Heart Rate and Blood Lactate Responses to Submaximal Treadmill Exercise in the Normally Performing Standardbred Trotter — Age and Sex Variations and Predictability from the Total Red Blood Cell Volume
Article first published online: 13 MAY 2010
© 1997 Blackwell Verlag GmbH
Journal of Veterinary Medicine Series A
Volume 44, Issue 1-10, pages 125–132, February-December 1997
How to Cite
Persson, S. G. B. (1997), Heart Rate and Blood Lactate Responses to Submaximal Treadmill Exercise in the Normally Performing Standardbred Trotter — Age and Sex Variations and Predictability from the Total Red Blood Cell Volume. Journal of Veterinary Medicine Series A, 44: 125–132. doi: 10.1111/j.1439-0442.1997.tb01094.x
- Issue published online: 13 MAY 2010
- Article first published online: 13 MAY 2010
- Received July 26, 1996
The purposes of this study were to elucidate the influences of age and sex on the heart rate (HR, bpm) and blood lactate (LA, mmol/l) related exercise tolerance parameters V200 (treadmill velocity at HR 200), VLA4 (velocity at LA 4), W200 (power output at V200), and WLA4, (power output at VLA4), and to establish reference values for these in normally performing Standardbred trotting race horses. A further aim was to improve the predictability of individual normal values by correlating them with the total red blood cell volume (CV) alone or in combination with the blood lactate response at Va200 (LA200).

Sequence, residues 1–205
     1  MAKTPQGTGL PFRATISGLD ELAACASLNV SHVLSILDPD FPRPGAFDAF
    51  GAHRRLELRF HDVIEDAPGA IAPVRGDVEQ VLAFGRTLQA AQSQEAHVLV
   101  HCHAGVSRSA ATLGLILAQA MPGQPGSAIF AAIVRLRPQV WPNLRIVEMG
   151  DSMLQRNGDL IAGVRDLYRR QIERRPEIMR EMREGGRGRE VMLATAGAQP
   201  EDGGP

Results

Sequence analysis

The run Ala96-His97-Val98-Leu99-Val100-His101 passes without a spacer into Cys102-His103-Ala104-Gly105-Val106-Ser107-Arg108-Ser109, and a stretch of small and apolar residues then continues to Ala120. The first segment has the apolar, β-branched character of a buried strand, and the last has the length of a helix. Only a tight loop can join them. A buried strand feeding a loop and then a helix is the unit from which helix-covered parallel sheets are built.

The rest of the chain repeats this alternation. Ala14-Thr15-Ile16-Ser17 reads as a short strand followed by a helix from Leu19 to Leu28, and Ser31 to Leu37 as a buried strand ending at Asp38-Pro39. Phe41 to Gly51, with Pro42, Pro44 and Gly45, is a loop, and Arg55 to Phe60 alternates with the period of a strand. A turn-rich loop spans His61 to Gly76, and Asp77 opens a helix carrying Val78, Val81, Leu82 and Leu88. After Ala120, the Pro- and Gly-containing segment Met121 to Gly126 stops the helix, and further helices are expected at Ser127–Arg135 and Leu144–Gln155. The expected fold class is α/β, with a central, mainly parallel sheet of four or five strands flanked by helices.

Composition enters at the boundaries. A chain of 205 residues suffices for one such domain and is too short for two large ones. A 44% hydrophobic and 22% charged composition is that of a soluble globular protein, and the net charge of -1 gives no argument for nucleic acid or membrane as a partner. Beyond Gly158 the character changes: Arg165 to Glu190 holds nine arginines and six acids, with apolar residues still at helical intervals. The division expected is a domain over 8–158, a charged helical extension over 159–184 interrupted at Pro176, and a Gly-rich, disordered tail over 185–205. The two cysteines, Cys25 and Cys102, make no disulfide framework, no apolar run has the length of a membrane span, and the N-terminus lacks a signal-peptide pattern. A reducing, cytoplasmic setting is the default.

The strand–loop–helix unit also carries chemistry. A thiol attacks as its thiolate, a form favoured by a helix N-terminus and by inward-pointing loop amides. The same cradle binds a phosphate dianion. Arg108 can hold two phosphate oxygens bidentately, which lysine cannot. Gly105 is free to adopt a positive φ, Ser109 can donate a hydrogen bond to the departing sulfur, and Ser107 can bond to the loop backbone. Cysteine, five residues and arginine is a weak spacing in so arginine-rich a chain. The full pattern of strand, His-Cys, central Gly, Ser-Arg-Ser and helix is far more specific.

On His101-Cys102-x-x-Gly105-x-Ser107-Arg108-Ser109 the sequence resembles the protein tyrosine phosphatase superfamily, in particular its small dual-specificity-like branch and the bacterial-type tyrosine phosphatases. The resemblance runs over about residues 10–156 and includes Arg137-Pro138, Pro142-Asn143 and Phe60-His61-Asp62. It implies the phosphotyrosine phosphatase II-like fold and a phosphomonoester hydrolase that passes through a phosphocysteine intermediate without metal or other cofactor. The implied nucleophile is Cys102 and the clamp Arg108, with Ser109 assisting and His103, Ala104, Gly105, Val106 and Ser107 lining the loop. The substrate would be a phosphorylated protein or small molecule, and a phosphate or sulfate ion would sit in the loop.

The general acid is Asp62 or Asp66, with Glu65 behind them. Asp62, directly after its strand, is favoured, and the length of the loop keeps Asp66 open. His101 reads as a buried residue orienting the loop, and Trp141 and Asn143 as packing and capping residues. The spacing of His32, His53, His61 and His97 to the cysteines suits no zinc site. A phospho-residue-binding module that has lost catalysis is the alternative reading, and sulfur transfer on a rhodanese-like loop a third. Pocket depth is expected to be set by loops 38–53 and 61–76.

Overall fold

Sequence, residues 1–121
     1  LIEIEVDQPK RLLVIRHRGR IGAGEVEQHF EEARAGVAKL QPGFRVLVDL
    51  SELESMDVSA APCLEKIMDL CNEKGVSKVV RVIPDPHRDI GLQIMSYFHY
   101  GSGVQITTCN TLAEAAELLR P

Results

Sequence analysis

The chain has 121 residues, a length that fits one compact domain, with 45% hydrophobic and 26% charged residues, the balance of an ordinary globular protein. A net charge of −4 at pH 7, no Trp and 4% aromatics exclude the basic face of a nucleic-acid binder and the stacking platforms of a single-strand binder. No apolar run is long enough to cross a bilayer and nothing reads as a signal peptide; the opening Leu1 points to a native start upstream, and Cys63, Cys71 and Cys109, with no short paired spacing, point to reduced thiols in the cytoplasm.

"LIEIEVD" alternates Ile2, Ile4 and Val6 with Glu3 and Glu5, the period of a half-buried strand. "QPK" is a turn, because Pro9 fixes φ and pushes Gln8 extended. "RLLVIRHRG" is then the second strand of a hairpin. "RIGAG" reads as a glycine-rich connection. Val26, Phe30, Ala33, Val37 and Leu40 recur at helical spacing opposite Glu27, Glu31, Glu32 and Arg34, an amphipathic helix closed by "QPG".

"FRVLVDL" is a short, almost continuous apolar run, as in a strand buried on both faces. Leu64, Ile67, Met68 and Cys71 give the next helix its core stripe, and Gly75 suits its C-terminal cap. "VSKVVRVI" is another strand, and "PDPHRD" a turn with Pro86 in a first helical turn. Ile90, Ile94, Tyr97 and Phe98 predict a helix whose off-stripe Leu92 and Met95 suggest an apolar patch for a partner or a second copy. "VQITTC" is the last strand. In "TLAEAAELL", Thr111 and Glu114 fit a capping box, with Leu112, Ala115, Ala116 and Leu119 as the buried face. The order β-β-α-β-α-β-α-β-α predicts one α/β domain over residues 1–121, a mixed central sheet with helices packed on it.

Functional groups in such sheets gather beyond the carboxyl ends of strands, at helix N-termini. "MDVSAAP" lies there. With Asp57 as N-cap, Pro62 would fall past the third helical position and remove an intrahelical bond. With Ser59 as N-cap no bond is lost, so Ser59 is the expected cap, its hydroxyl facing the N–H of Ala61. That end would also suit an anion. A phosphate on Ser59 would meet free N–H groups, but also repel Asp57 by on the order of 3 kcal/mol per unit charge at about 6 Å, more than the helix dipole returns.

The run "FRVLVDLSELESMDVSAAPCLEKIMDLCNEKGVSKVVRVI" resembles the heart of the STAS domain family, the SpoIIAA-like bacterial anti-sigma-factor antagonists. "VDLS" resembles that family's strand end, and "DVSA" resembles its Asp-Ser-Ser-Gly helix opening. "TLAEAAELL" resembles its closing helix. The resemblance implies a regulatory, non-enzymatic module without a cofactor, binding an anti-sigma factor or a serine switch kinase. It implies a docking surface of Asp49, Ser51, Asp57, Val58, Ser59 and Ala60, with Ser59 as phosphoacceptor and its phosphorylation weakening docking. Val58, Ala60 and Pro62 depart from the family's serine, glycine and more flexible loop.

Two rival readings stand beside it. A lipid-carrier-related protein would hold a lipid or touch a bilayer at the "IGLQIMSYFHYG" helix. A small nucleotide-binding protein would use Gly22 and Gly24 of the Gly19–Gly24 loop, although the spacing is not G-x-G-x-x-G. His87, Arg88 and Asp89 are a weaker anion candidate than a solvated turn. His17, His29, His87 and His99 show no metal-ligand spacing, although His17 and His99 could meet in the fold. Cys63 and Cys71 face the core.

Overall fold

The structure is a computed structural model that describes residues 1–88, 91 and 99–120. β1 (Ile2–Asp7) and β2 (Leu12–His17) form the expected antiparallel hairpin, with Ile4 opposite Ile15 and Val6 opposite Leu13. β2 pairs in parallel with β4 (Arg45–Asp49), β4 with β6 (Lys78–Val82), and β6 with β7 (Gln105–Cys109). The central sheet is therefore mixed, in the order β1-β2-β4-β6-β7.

In total 205 horses were included in the study. According to their owners and/or trainers they were all performing satisfactorily (in racing or training) for shortly impending racing. The exercise test was performed on an inclined (3.5°) high speed treadmill and consisted of four sequentially increasing speeds, each of 2 min duration, aiming at a final HR at or exceeding 200 bpm. HR was monitored continuously and recorded in parallel with blood sampling during the last 15s of each speed. Blood volume determination was done with the Evans blue dye dilution technique immediately after the exercise test to ensure complete emptying of the splenic red cell reservoir.
Both age and sex influenced significantly on all parameters. These were also all strongly dependent on the total red cell volume.
Consequently, it was concluded that markers for work tolerance based on heart rate and blood lactate responses to submaximal treadmill exercise reliably reflect circulatory and muscle metabolic capacities. Further, individual normal values are predictable from the red cell volume alone with variation coefficients between 5 and 9.1%, or, in combination with LA200, between 4.4 and 6.2%. Disregarding the regression with CV, predictability of normal values is improved by considering age and sex variations.